Each game has certain matchups within it that are oh so very important to the outcome— Matchups so important that they can be the difference in a win and a loss. For every game this season, I’ll be taking a look at the three most important matchups regarding an individual or even between position groups.
Missouri’s Defensive Line vs Florida’s Offense
Last week, Missouri’s defensive line had its most complete showing to date in the win against South Carolina. There was consistent penetration and a true commitment to gap integrity. It takes a lot to absorb double teams and not get driven out of your gap, and they managed to not just get the job down, but to completely shut down South Carolina on the ground.
That was against South Carolina’s suspect offense, though. This week presents a new challenge.
Florida comes in with an offense that, with Emory Jones, has a lot of QB run game, with intermediate and deep shots peppered in, too. They have the capability of putting up a lot of points against this defense if Missouri doesn’t come to play.
The defensive ends in particular have to be prepared for the QB run aspect of the game. Rush lanes and contain have to be a priority. Trajan Jeffcoat and the rest of the defensive ends have made a habit of biting down hard on read options, and for the past few weeks it hasn’t burned them too bad and they’ve made a few really impressive stops in the run game. However, this week, gambling on blowing up running backs up on a read could be even more consequential with the dual threat Florida has under center.
Missouri’s Offensive Line vs Florida’s Defensive Line:
The gameplan is very simple for the Missouri offense at this point of the year.
Run the Rock.
Earlier this week, I detailed the inside power read, and how it was a huge success for Missouri in their victory over South Carolina. The reason why the Tigers had such great success was not only because of Tyler Badie being Superman, but also because of the offensive line, which opened up rushing lanes all day long. Particularly good is how they did this with a patchwork offensive line, and still managed to control the line of scrimmage.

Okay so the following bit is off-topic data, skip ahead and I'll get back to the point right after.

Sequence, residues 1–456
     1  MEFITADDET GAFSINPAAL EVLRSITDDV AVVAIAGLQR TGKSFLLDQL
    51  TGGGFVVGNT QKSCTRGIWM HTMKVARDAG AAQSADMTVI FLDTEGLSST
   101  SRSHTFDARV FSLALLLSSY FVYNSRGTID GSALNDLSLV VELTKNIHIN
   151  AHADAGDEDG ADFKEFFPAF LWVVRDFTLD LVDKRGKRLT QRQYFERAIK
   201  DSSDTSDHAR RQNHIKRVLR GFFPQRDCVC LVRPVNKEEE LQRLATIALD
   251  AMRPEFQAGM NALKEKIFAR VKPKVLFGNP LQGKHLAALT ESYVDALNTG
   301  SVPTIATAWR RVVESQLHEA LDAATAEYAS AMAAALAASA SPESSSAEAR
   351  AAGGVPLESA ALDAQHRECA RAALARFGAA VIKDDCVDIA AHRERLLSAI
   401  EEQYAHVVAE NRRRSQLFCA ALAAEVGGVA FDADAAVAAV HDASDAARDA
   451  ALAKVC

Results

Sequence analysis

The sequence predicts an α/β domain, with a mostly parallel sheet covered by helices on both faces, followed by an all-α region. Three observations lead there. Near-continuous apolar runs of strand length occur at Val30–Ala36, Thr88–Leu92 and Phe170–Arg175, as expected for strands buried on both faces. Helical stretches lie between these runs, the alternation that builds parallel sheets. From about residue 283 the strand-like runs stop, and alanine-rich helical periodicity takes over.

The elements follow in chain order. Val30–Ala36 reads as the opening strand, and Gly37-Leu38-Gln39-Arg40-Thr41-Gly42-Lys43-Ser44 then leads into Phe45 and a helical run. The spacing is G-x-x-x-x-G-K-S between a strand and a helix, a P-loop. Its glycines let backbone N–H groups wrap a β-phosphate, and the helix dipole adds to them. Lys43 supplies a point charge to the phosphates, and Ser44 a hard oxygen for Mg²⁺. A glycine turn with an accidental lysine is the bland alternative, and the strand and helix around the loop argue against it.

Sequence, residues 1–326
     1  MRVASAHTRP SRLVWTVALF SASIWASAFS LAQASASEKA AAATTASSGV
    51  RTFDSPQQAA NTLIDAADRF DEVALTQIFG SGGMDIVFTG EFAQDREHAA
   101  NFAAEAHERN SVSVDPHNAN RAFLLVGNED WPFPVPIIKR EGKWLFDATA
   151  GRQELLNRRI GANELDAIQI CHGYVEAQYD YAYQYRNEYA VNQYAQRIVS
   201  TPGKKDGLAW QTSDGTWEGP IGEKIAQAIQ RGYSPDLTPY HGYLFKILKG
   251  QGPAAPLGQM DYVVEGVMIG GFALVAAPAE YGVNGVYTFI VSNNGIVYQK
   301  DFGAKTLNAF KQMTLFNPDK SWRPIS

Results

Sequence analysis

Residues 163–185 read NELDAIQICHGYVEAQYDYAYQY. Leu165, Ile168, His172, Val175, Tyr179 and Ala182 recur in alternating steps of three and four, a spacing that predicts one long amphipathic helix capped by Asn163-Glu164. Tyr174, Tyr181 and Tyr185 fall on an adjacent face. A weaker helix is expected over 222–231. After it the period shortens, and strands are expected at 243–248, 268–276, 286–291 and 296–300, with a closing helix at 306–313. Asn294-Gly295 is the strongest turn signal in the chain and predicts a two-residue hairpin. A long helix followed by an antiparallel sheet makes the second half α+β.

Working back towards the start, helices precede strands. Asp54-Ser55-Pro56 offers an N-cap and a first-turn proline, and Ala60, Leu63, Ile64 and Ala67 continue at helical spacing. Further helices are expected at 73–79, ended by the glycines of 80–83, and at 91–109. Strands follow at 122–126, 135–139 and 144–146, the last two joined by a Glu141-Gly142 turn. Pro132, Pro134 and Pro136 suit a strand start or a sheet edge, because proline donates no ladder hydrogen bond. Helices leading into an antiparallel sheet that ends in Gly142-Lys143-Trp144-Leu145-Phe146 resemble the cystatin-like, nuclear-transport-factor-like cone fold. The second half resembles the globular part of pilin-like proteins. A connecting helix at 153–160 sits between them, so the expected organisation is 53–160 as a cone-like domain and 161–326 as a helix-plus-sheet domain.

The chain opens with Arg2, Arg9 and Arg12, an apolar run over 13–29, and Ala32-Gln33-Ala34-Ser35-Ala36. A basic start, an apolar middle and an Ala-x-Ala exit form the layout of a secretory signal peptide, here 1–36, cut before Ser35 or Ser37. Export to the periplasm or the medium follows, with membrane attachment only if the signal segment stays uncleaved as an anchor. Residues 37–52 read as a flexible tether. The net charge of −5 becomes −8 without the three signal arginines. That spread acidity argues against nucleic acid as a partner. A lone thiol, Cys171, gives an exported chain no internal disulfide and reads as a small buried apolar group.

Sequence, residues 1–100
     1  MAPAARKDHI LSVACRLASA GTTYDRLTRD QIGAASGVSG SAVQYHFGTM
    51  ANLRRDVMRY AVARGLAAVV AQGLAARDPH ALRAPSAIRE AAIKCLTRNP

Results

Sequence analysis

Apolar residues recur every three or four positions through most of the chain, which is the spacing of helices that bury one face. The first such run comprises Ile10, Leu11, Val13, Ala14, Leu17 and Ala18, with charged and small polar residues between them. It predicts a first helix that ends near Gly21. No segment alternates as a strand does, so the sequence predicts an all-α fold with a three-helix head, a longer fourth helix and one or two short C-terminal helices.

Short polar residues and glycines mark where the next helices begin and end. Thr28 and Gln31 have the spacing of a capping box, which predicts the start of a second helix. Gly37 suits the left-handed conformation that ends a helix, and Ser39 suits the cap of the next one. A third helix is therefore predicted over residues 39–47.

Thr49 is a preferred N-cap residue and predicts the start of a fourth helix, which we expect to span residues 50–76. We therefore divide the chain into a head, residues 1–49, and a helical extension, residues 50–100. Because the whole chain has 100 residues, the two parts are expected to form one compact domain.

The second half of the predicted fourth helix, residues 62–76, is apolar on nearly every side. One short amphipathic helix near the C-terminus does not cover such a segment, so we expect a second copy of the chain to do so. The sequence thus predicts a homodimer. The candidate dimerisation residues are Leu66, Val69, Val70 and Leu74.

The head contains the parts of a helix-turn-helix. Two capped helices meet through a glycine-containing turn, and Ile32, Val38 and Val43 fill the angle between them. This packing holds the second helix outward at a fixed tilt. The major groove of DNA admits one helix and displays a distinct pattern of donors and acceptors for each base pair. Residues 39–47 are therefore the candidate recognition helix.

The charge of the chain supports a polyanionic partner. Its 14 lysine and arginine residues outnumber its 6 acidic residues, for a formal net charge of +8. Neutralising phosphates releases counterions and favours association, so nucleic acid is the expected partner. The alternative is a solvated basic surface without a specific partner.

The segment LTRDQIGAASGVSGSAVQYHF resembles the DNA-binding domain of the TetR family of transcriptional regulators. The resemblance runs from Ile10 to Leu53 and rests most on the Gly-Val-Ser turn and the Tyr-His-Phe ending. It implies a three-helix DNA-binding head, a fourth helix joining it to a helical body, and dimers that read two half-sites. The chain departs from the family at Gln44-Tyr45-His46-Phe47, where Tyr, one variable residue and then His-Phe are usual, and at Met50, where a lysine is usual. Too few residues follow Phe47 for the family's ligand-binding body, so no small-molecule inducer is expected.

Against Florida, they’ll need a repeat of that performance. We all know who the ball is going to, and so does the defense. They have got to get off the ball, and play with good pad level. Preventing negative plays and avoiding the dreaded holding calls is also going to be important, too. This offense isn’t the kind that can operate efficiently when playing behind.
Missouri’s Secondary vs Florida’s Offense
Last week, you could see that secondary also kind of put it together. It wasn’t perfect, but the duo of Akayleb Evans and Kris-Abrams Draine were all over the field making plays. Martez Manuel was creating pressure on the QB. Everybody was showing just a little piece of their game that intrigues the eye.
Last week, Florida threw it over the yard at will. 416 yards through the air is an impressive number. They were playing Samford, but still.
That’s what this offense is. With all of the attention given to their run game, defenses leave themselves vulnerable on the outside trying to stack the box to stop their run game. When Missouri’s secondary finds itself on an island in man coverage, they have to find a way to win without penalties. This was the only area where I felt like they struggled considerably last week.
This Missouri team just isn’t good enough to absorb penalties in the backend and expect to still win games against solid-to-good teams. They have got to find a way to play clean football to win their sixth game, in order for Mizzou to become bowl eligible, and for Dan Mullen to be fired.